Pteris vittata sporophytes hyperaccumulate arsenic to 1% to 2% of their dry weight. Like the sporophyte, the gametophyte was found to reduce arsenate [ As( V)] to arsenite [ As(III)] and store arsenic as free As( III). Here, we report the isolation of an arsenate reductase gene ( PvACR2) from gametophytes that can suppress the arsenate sensitivity and arsenic hyperaccumulation phenotypes of yeast ( Saccharomyces cerevisiae) lacking the arsenate reductase gene ScACR2. Recombinant PvACR2 protein has in vitro arsenate reductase activity similar to ScACR2. While PvACR2 and ScACR2 have sequence similarities to the CDC25 protein tyrosine phosphatases, they lack phosphatase activity. In contrast, Arath; CDC25, an Arabidopsis ( Arabidopsis thaliana) homolog of PvACR2 was found to have both arsenate reductase and phosphatase activities. To our knowledge, PvACR2 is the first reported plant arsenate reductase that lacks phosphatase activity. CDC25 protein tyrosine phosphatases and arsenate reductases have a conserved HCX5R motif that defines the active site. PvACR2 is unique in that the arginine of this motif, previously shown to be essential for phosphatase and reductase activity, is replaced with a serine. Steady-state levels of PvACR2 expression in gametophytes were found to be similar in the absence and presence of arsenate, while total arsenate reductase activity in P. vittata gametophytes was found to be constitutive and unaffected by arsenate, consistent with other known metal hyperaccumulation mechanisms in plants. The unusual active site of PvACR2 and the arsenate reductase activities of cell-free extracts correlate with the ability of P. vittata to hyperaccumulate arsenite, suggesting that PvACR2 may play an important role in this process.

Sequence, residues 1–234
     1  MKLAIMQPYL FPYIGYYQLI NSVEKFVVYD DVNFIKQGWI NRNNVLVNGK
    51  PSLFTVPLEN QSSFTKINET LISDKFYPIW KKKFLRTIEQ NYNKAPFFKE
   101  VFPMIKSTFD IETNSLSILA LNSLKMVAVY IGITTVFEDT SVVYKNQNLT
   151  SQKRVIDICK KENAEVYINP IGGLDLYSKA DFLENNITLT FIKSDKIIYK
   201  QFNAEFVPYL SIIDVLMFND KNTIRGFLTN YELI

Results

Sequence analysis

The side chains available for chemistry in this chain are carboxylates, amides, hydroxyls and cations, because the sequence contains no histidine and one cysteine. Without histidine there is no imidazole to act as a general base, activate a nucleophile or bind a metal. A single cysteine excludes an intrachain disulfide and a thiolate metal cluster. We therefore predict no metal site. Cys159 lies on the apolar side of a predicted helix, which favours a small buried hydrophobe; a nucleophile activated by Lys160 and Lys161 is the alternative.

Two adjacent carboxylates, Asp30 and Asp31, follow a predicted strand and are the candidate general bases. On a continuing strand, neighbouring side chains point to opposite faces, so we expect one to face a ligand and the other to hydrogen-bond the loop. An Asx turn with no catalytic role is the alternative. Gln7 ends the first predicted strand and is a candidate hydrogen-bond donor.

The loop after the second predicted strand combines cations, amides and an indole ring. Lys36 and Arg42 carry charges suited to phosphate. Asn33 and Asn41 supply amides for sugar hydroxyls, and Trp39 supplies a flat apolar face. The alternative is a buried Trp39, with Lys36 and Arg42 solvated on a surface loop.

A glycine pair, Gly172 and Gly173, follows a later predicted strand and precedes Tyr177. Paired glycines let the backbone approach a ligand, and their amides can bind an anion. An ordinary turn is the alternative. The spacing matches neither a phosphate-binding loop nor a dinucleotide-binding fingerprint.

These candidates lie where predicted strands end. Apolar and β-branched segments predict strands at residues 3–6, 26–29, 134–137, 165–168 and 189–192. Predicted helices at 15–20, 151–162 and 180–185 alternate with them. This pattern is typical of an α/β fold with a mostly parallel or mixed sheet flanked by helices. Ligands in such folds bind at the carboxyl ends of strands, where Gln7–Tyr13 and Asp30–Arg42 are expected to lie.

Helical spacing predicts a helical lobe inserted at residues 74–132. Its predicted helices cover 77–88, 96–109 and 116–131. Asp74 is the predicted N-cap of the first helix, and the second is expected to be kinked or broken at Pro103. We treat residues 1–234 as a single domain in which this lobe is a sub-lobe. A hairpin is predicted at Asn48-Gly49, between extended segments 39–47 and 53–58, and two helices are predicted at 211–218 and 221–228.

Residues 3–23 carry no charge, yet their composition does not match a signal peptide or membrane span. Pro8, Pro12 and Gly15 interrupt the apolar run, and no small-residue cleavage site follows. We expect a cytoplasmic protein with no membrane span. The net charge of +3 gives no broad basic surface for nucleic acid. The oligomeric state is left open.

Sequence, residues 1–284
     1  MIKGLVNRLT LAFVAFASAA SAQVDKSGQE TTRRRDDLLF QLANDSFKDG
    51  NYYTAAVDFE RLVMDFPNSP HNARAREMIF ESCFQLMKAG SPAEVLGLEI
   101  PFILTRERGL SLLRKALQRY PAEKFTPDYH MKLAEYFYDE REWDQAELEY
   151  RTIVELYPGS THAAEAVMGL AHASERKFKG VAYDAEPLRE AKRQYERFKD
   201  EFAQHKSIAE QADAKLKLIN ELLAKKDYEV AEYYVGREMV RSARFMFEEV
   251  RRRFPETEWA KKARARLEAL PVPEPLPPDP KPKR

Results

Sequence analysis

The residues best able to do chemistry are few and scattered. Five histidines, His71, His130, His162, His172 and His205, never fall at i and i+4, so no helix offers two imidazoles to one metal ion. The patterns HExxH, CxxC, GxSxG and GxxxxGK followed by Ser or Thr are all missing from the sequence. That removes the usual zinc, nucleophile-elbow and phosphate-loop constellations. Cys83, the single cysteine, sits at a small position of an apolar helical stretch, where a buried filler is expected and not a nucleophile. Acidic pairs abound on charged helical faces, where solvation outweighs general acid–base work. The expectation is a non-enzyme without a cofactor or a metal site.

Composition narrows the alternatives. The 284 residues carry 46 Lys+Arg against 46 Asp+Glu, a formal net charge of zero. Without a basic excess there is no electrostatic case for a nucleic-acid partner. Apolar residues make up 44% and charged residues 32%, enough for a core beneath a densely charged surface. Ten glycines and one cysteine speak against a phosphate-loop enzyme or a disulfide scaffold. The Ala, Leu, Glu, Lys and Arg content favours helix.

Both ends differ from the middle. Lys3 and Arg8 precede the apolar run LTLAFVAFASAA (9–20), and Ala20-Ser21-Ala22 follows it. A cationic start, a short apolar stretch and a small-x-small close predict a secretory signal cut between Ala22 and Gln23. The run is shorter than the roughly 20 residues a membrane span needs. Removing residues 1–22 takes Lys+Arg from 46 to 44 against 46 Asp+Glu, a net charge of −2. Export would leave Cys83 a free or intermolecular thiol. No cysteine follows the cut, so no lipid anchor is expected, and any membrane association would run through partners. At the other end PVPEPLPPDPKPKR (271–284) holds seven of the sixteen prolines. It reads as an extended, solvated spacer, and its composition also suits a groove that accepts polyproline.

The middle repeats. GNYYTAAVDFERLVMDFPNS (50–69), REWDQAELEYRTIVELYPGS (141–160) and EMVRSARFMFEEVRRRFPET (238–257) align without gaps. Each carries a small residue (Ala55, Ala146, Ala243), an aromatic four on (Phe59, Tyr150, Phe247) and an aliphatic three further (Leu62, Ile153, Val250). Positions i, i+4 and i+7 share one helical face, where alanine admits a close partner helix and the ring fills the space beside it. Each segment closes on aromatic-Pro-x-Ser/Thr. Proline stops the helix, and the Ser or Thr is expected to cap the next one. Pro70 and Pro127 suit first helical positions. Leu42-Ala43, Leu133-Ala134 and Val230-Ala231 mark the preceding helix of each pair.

- specificity tyrosine-phosphatase
- metal hyperaccumulation